“The Bison in the room is obviously Brexit and what it means for the U.S. economy,” Federal Reserve President and CEO Dennis Lockhart of the Federal Reserve Bank of Atlanta, told attendees of the Eighth Annual Rocky Mountain Economic Summit on Friday.
The bison was his second metaphor this day. He had begun his address with references to fly fishing in the Snake River and the need to be able to “read the water,” but soon afterwards apologized for the “tortured metaphor.” He did add, however, “that a bad day on the river is better than a good day at the office.”
Concerning Brexit, the referendum held in the United Kingdom on June 23 which has resulted in the inevitable exit of the U.K. from the European Union, he said that its outcome “surprised many observers, me included.”
Although “too early to sound the all clear,” he added that financial conditions have mostly returned to the status quo before June 23 despite “a notable exception”: the 10-year Treasury note yield, “which has touched historic lows.” He attributed this development “to safe haven flows reflecting a risk-off posture immediately following he referendum.”
The U.S. economy seems to have weathered the storm well, he added. “As many have stated, it is not a ‘Lehman moment.’”
But Brexit’s economic consequences may reach far into the future. “More immediately,” he said, “there is the question of direct impact of Brexit on our economy. Negative effects could materialize through the trade channel if there is a sustained realignment of the dollar-pound exchange rate. We might also see similar effects in our trade with Europe and the euro area.”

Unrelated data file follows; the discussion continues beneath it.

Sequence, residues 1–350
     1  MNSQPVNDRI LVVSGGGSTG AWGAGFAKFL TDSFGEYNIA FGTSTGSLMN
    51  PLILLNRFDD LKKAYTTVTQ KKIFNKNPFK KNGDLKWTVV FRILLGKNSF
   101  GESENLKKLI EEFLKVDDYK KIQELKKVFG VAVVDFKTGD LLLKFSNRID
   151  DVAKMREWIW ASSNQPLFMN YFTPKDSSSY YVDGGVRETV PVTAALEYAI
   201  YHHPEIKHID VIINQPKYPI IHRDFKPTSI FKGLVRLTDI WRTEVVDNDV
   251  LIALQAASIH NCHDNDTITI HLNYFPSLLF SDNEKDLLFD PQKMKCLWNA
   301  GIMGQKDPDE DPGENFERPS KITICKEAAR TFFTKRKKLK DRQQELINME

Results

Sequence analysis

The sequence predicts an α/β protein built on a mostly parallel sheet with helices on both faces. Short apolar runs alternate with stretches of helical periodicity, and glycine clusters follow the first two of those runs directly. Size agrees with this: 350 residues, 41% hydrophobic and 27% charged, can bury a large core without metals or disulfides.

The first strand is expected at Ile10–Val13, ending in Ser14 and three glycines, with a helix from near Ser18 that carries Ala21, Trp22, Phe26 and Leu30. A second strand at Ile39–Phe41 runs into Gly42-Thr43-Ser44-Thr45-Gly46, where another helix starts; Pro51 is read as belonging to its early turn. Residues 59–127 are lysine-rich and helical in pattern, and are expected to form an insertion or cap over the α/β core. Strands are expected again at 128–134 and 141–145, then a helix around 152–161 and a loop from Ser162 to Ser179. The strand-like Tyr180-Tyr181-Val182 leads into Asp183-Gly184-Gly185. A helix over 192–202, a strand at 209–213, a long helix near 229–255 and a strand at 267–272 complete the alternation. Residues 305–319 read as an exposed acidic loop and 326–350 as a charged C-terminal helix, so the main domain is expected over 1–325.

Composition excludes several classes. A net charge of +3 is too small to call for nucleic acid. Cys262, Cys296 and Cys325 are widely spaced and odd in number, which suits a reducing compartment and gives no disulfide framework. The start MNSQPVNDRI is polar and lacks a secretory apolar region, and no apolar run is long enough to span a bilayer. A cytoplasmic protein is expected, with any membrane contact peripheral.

His summation of Brexit’s impact on the U.S. economy follows: “negligible near-term effect; a risk factor over the medium term; high uncertainly that could mount to a persistent economic headwind.”
So what about uncertainty as a factor influencing economic performance?
“Measuring uncertainly is quite difficult, as you would expect,” he said. “We have some tools, but they are imperfect.”
The Federal Reserve Bank of Atlanta has teamed up with the University of Chicago and Stanford University to conduct large-sample surveys of business leaders to gauge how they assess the risk they face and how these risks inform their decisions.
“In a post-Brexit survey a few days ago, roughly one-third of the businesses we surveyed indicated that the result of the referendum made their sales outlook more uncertain,” he said. “They indicated they would be more cautious in hiring and capital spending decisions as a result of Brexit. We had a spirited internal discussion of whether one-third is a big number or not-so-big.”
To read the full version of his address, click here.